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Pittsburgh Says It's More Prepared If 2019 Brings More Landslides

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Sarah Boden
/
90.5 WESA
Spring Hill resident Randal Miller, 36, gestures to debris from the landside that damaged his home.

This past winter and spring saw record rainfall in Allegheny County, which led to an unprecedented number of landslides and extensive property damage.

The city of Pittsburgh has taken steps this year to mitigate land movement, including setting aside $6.8 million in its 2019 budget.

Karina Ricks, head of the city’s department of mobility and infrastructure, said Pittsburgh officials have been meeting regularly to discuss the issue of land movement. This has led to stricter monitoring of illegal trash dumping at the tops of hillsides, and greater consideration before permitting development at the part of a slope’s base called the toe.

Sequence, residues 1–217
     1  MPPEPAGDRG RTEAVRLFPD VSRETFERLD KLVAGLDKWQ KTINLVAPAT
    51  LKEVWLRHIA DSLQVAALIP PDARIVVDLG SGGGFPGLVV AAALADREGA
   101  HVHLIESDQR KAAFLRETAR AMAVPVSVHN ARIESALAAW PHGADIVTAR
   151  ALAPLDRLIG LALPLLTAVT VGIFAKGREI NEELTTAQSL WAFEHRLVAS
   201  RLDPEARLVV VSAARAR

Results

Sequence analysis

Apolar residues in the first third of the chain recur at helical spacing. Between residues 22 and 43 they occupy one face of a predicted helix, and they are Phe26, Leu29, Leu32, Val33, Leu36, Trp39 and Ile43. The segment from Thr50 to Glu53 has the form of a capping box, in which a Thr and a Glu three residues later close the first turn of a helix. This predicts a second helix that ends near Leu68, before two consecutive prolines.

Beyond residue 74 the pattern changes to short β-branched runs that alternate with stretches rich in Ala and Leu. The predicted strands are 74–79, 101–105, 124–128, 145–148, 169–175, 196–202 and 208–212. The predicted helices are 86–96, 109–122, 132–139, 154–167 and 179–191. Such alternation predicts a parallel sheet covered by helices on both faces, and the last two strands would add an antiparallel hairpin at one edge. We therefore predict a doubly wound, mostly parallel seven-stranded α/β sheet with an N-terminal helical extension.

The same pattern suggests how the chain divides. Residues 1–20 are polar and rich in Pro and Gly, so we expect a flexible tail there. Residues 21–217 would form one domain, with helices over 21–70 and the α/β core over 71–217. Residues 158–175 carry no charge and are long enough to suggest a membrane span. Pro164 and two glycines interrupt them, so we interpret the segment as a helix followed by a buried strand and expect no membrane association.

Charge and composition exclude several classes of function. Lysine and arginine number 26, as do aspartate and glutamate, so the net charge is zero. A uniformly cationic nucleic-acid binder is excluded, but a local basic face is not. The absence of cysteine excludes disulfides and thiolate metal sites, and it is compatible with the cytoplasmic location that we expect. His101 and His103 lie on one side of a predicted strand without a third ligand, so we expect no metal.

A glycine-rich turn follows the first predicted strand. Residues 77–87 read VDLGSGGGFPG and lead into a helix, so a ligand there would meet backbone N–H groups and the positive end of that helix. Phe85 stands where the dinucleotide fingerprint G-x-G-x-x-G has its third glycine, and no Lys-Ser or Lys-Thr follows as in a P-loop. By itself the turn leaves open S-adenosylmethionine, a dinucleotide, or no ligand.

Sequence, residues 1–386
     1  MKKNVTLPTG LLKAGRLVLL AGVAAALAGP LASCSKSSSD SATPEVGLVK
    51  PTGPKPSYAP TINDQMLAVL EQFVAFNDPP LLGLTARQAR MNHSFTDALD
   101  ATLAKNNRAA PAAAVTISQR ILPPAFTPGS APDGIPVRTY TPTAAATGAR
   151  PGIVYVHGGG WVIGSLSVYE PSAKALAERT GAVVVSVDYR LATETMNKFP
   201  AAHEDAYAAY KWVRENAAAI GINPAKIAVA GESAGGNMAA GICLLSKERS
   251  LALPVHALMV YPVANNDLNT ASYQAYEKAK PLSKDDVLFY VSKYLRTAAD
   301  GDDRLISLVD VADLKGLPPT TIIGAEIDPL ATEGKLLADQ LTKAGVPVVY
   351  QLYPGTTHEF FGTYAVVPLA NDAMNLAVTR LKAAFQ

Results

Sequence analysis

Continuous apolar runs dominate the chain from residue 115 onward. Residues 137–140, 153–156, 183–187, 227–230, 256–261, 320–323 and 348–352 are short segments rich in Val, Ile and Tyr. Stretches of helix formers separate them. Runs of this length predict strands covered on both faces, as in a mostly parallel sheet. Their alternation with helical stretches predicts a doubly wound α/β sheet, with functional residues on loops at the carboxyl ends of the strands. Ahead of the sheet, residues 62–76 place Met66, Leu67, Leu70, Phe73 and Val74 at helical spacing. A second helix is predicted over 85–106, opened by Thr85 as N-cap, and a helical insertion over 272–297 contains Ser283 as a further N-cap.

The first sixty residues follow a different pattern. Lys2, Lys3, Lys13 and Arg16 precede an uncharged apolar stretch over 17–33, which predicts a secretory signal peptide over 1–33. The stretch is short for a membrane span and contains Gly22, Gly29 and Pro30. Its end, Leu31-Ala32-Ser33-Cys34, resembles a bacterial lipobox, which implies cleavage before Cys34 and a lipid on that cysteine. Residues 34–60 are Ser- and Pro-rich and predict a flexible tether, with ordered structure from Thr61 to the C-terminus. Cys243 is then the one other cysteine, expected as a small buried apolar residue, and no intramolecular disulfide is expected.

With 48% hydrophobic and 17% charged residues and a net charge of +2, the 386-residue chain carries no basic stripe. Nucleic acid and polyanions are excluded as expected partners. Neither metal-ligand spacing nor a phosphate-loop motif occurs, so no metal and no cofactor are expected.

“[A slope’s toes are] fairly, firmly rooted at the base of the slop, and they’re actually holding up the layer of soil as you go up the hillside,” said Ricks. “So, keeping that in place, keeping that intact, not disturbing the toe is very critical to protecting the hillside above it.”

Ricks said the city is more prepared to respond to landslides and doing more to prevent them. Improvements to Pittsburgh’s water and sewage infrastructure, and better mapping of abandoned mine facilities should help too.

But these efforts only go so far. And if there is heavy rain fall during a traditionally dry time of the year when there is also little vegetation, it’s hard to slow the flow of water.

“How we can be prepared for every eventuality, that is a concern,” she said. “We are in an unpredictable era as far as weather and climate behavior goes.”

If wet, rainy winters become the norm, homes on particularly hilly lots might become unlivable.